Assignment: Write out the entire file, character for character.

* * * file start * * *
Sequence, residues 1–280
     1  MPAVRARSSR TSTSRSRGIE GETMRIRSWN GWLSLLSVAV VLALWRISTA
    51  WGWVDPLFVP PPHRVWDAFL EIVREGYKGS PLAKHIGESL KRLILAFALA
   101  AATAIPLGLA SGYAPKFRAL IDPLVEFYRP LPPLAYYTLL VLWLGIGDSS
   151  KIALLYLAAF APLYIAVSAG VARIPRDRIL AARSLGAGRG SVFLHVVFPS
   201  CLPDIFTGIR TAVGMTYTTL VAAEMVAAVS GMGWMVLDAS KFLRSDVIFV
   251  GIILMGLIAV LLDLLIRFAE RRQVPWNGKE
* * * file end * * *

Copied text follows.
Sequence, residues 1–280
     1  MPAVRARSSR TSTSRSRGIE GETMRIRSWN GWLSLLSVAV VLALWRISTA
    51  WGWVDPLFVP PPHRVWDAFL EIVREGYKGS PLAKHIGESL KRLILAFALA
   101  AATAIPLGLA SGYAPKFRAL IDPLVEFYRP LPPLAYYTLL VLWLGIGDSS
   151  KIALLYLAAF APLYIAVSAG VARIPRDRIL AARSLGAGRG SVFLHVVFPS
   201  CLPDIFTGIR TAVGMTYTTL VAAEMVAAVS GMGWMVLDAS KFLRSDVIFV
   251  GIILMGLIAV LLDLLIRFAE RRQVPWNGKE